“What did he find out?”
“Legally, the ownership is shared among the eight first cousins in Lee’s generation. Together, they can authorize the sale of the property,” Christine said.
“What about the twins? Do they have a say?”
“Interestingly enough, they don’t. From what Charlie can determine, their father had a falling out with his parents and they left him only an insignificant gift of money in their will and no part of the house on the green at all. There were four Tennyson children in that family, and the other three siblings took control when their parents died. When the last of that generation passed away, the property was inherited by Lee and the cousins,” Christine said.
“You mean the twins have been squatting in that house all these years?” Edie said.
Christine zipped her jacket up to her chin. “Yeah. Ironic, isn’t it? At the time, no one else wanted to live there because they were all busy with their own lives and careers. As long as Flora Mae and Mary Beth kept the place maintained and paid the property taxes, no one had any reason to bother them.”
“Well, that puts a whole new spin on the situation, doesn’t it?” Edie said.
“It sure does. That’s why I’d be grateful for any ideas or advice or common sense that you can throw my way. No one wants to make the twins homeless but this situation can’t continue.” Christine looked up at the clock. “I’ve gotta go, Edie. Thanks for the tea and for letting me talk.”
Edie nodded her head, her face already thoughtful. “I think I’ll walk down the street to pay the twins a visit. I’ll let you know if I learn any information to add to yours.”
Christine impulsively threw her arms around Edie’s neck. “I feel better already,” she said as she hurried out the back door.
“But I didn’t promise anything,” Edie murmured into now-empty kitchen.
In Edie’s opinion, most sticky situations can be defused by lemon cake or spice cookies. Since she needed time to think as well as do some research, she pulled cookie ingredients out of her cupboards and set a large bowl in the center of her counter.
She was just sliding the first two pans into the oven when Ruth Goodwin appeared at her back door. “I was passing and smelled ginger,” she said. “Are you baking for Thanksgiving already?”
“No, I’m planning on paying a visit,” Edie said. “To the Tennyson twins.”
Ruth’s head snapped up. “How did you hear so soon?”
“Hear that they’re in town?”
“No, hear that an ambulance just took Mary Beth to the hospital.”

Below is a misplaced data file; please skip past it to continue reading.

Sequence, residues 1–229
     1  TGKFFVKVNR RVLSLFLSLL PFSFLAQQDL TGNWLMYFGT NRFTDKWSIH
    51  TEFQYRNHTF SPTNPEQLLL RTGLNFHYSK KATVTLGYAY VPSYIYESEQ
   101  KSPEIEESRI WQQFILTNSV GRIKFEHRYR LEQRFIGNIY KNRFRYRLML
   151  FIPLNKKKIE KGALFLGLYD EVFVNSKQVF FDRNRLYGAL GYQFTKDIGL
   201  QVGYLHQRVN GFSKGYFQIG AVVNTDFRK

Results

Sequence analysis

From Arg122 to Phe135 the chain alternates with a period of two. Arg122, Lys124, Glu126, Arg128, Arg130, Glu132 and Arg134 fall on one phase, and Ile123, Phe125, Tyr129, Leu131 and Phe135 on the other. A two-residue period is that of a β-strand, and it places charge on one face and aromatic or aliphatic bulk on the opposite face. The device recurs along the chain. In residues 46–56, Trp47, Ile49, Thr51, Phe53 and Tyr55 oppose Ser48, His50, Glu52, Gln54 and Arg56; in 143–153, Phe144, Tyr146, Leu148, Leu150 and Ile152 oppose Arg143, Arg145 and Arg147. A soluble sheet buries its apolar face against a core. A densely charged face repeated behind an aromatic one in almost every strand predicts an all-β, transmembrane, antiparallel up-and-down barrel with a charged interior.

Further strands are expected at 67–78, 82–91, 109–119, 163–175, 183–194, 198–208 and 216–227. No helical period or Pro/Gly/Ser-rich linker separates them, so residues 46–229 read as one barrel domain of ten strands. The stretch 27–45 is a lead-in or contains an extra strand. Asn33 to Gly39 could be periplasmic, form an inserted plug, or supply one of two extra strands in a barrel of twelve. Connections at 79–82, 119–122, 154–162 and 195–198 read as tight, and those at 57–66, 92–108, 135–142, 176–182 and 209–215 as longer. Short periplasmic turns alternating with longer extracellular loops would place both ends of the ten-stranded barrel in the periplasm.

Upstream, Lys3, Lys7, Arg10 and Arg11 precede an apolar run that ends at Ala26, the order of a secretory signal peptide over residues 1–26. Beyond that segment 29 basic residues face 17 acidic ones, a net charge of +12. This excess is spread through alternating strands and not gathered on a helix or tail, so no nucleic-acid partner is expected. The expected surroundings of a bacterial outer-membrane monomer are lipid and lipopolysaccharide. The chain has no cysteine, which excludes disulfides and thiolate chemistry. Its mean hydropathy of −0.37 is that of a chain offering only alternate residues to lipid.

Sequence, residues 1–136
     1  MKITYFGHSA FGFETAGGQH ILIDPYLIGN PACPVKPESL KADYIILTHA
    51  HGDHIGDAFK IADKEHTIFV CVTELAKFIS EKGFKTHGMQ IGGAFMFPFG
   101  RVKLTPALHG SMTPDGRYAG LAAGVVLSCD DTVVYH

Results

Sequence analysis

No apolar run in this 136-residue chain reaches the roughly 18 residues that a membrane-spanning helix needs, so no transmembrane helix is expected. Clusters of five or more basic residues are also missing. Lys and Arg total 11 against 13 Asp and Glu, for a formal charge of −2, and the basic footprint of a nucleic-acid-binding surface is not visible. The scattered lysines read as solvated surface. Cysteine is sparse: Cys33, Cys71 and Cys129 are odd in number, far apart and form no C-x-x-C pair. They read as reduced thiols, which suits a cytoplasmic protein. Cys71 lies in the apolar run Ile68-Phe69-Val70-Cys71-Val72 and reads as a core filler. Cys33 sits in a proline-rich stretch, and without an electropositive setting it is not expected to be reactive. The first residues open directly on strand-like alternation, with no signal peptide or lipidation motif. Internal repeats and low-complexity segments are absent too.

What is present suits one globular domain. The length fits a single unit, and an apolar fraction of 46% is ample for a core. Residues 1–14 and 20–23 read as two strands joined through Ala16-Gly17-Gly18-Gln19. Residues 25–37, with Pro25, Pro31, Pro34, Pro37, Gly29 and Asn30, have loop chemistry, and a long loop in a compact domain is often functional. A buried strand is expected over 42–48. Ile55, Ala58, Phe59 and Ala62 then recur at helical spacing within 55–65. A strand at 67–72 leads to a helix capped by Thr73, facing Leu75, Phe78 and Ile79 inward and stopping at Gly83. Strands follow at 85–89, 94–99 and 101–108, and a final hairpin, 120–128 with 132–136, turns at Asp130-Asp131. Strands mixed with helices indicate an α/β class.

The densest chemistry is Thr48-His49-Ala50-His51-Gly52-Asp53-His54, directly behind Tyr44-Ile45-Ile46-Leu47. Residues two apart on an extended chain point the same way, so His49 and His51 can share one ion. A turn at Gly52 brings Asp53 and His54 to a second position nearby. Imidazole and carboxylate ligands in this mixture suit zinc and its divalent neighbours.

Edie sagged down into a chair. “So that’s why they came home for Thanksgiving. Mary Beth was ill. They haven’t made an appearance in years, and I wondered why they chose to do it now.”
Ruth grabbed a potholder as the timer on Edie’s stove began to beep. “I heard they showed up at Lee and Christine’s place and kidnapped a rooster.”
“Yeah. I think it’s supposed to keep their peacock company.”
Edie leaped to her feet, stripped off her apron, and covered the remaining cookie dough to keep it moist. “I think we’d better get over there to check on Flora Mae. The twins are never separated, and if they didn’t take her to the hospital with her sister, she’ll be frantic.”
Ruth turned off the oven, and pulled her car keys out of her pocket. “Can I assume you’re going to fill me in on what’s going on as we drive over there?”
“The twins didn’t pay the property taxes on the house this year, the building’s getting shabby, the twins don’t own it and never owned it, and none of the Tennysons have any idea what to do with them,” Edie explained as the two women piled into Ruth’s bright yellow Jeep.
Ruth stared at her friend before she turned the key in the ignition. “So we’re off on a rescue mission. I love those.”
You can visit Carding any time in my novels, The Road Unsalted, Thieves of Fire, and The Dazzling Uncertainty of Life. The fourth in the series, Lights in Water, Dancing, has just been published! You can find them all on Amazon or you can order them through your local independent book store.
You can subscribe to the Carding Chronicles by clicking the button on my home page. When you do, my stories speed from my keyboard to your inbox every Thursday without any further effort on your part.
If you’d like to get in touch, my email address is: Sonja@SonjaHakala.com.